Although summer is the ideal time to travel in Iceland, many people ask if it is also recommended visiting Iceland in winter. Are the popular tourist attraction sites open? What about the hotels? Transportation? Is Iceland ready for tourists in the winter? Here are some ideas in brief about the winter trip to Iceland. The winter visit to Iceland is like visiting another Iceland - the dominant green landscape turns white and it is a good time to take out the snowmobiles and the skis.
"Boston Globe" newspaper included Iceland in their top ten recommended targets for fall- winter season this year. The newspaper mentions the popular belief in Iceland about the hidden people "(Huldufólk) who live in harmony with the nature; erupting hot springs, volcanoes and waterfalls, and other attractions. Especially the northern lights, which can be seen in Iceland at this time of year.
According to the Central Statistical Bureau of Iceland, number of foreign tourists visiting in October and November is continuously increasing during the last decade.
From 40,495 hotel rooms occupied in 2000 to 54,155 in 2008. Still, much less tourists visit Iceland during the autumn-winter than during summer. For example, during the peak season of the summer of 2008, tourists occupied 182,474 hotel rooms during June only.
Iceland At Winter
In Iceland, winter day turns night very quickly. Due to the country's location near the Arctic Circle, it's dark during most of the hours and the day light is precious. Only in winter, the sky is illuminated with the northern lights (Aurora Borealis), a natural phenomenon that is not visible during the long days of summer.
Although in the mountainous center of the island many roads are closed to vehicles, you can still travel to the main tourist sites, if weather conditions allow this, and see frozen waterfalls like Gullfoss, for example.
Iceland winter landscapes are gorgeous, white blanket of snow covering the island decorates it in different shades of white and blue, which become the dominant colors. The tourist sites are less crowded and the accommodation services are usually cheaper than in summer.
Some people argue that it is the more pleasant way to travel across the country when the main tourist sites are less crowded, even though the weather can be cold and unpredictable, and the choice of activities is more limited than in summer. Many travel companies offer their services at a lower cost during the winter than in the peak season.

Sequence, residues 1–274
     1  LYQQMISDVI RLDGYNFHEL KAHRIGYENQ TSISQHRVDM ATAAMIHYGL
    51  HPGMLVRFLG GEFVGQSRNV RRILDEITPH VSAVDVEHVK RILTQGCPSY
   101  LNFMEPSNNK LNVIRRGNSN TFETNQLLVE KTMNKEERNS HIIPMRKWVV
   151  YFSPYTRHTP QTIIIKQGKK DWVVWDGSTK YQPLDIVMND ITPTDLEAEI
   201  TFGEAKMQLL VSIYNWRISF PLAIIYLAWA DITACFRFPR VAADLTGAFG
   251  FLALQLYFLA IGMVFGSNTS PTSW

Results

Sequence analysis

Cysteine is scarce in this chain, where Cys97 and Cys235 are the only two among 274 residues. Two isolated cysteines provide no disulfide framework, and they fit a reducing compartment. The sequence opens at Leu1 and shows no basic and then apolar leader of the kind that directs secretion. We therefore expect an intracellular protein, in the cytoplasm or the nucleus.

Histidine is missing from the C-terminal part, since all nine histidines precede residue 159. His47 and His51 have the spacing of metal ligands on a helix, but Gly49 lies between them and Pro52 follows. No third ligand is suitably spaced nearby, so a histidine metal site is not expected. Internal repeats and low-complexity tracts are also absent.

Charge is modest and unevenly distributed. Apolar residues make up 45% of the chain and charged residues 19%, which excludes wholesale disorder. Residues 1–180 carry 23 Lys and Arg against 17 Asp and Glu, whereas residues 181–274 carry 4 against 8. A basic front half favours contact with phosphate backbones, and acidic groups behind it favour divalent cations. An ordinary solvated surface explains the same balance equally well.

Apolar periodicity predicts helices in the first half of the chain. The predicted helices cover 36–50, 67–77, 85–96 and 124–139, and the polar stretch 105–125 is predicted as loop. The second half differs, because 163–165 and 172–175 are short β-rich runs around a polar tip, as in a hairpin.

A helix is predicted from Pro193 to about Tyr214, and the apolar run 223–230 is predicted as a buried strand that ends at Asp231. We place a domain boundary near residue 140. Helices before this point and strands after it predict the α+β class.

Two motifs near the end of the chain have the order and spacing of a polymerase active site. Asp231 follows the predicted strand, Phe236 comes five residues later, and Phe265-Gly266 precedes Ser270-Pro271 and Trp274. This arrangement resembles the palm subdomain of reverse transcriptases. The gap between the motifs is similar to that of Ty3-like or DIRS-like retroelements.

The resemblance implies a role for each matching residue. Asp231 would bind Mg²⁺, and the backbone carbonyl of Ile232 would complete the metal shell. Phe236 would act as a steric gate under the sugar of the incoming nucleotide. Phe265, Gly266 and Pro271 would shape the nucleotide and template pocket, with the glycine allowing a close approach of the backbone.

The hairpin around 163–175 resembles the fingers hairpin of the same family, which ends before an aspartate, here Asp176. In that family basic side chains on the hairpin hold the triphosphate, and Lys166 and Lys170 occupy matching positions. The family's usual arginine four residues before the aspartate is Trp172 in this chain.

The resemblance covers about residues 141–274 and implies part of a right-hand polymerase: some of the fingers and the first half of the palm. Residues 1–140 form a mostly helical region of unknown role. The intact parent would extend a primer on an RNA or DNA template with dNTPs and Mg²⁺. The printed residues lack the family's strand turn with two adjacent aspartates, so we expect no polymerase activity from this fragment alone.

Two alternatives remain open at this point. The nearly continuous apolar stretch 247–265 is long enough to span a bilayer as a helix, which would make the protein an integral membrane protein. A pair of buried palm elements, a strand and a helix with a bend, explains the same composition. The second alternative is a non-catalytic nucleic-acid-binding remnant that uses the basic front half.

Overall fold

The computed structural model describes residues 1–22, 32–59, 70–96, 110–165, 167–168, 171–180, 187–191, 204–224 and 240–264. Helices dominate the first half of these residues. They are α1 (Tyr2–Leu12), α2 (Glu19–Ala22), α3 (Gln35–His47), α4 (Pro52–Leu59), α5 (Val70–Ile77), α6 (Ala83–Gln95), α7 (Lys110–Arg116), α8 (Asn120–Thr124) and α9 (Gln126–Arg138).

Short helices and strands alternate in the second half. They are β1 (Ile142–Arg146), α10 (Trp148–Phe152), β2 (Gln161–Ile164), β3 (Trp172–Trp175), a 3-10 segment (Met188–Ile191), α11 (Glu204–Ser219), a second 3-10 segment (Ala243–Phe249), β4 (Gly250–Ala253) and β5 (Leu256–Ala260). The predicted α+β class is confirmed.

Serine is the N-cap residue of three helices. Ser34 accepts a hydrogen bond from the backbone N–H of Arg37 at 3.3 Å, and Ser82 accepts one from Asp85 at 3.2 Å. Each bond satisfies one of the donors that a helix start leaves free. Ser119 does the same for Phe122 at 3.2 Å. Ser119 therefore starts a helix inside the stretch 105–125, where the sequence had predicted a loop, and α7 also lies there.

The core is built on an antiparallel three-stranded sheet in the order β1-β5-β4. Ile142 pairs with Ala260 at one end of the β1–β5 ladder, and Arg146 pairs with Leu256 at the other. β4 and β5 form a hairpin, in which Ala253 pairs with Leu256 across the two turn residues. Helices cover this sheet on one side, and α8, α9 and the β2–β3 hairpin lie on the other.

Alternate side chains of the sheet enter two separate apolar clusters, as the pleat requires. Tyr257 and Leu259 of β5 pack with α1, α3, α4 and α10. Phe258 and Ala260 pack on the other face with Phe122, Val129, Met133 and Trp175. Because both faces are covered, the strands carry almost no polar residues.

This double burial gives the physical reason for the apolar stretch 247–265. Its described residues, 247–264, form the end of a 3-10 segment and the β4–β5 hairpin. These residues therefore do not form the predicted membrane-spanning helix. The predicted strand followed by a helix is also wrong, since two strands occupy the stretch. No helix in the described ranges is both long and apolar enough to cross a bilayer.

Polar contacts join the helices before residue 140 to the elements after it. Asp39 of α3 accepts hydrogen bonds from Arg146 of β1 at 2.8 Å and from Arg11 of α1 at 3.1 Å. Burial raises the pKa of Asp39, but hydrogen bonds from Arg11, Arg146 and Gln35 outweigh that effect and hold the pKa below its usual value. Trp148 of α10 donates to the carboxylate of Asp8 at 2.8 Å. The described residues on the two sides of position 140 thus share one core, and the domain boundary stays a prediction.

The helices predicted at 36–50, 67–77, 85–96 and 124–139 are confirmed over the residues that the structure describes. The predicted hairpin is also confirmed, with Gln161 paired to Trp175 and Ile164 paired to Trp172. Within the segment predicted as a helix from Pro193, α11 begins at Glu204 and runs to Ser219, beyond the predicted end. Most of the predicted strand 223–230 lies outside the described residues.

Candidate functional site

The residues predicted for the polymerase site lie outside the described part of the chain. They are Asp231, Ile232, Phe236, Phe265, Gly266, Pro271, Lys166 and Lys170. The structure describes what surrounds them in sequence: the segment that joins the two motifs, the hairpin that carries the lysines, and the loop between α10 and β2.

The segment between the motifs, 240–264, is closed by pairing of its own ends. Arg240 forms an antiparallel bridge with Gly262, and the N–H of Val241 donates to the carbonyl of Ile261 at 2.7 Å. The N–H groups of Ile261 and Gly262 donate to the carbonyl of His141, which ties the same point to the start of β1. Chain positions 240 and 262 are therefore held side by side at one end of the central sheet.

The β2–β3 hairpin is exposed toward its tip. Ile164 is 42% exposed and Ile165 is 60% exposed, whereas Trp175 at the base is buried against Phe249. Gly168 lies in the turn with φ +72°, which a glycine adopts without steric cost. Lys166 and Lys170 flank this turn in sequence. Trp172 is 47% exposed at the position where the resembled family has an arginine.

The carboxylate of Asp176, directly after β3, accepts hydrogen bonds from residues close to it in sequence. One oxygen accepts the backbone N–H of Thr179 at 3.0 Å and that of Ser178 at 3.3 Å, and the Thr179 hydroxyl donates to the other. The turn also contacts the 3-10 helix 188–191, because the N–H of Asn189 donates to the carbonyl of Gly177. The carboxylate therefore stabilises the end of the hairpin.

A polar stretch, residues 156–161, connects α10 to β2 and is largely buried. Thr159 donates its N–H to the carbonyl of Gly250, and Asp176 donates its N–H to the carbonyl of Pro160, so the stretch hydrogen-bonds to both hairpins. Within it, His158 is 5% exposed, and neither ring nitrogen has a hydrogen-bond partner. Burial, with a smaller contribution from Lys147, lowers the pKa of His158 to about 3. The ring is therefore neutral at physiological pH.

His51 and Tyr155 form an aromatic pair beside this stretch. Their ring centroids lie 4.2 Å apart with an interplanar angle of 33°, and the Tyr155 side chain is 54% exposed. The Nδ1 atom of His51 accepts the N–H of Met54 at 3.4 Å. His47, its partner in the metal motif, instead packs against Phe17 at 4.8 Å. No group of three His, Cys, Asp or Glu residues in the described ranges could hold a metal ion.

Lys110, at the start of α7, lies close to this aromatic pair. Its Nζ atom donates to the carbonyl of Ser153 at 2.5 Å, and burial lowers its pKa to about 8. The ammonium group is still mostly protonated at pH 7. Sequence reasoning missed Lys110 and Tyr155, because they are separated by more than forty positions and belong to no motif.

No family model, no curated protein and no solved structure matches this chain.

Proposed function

Alpine skiing and cross-country skiing, which are not possible in the summer, are popular winter activities in Iceland, as well as the tours on snowmobiles. The ski resorts are usually open between January and April. However, if you are lucky, they can be open even earlier. Ice skating and snow sleds are also available.
Heated outdoor swimming pools are fun especially in the winter - to take a dip in the hot tub and watch the steam coming from the breath when everything around is frozen, to feel the contrast between the heat of the fingers and the cold of the tip of the nose, to watch the snow landing slowly on the ground and to relax in peace and quiet, when a feeling of happiness and calmness wraps the body and the soul.
A unique experience is waiting in Iceland for the December visitors. The Islanders are preparing for Christmas and the whole country is wearing a holiday. The smell of fresh- baked cookies spreads in the air and everyone starts to bake the Christmas bread Laufabraud, which you must taste. In Iceland in winter, you will hear the scary stories about 13 Icelandic Santa Clauses.
They are all brothers, their mother is a monster named Grýla - a terrible woman who eats little children who don't behave themselves. Indeed, not the Hollywood version of Christmas.
If you will go through the lava fields of Dimmuborgir from the east to the Lake Mývatn in the North Eastern Iceland, you will meet everyone there, all the 13 Santa Clauses and their mother, you can even bath with them in Mývatn baths.
On New Year's Eve fireworks display in Reykjavik attracts each year thousands of visitors. When every family in Iceland launches firework into the air - it is a wonderful sight.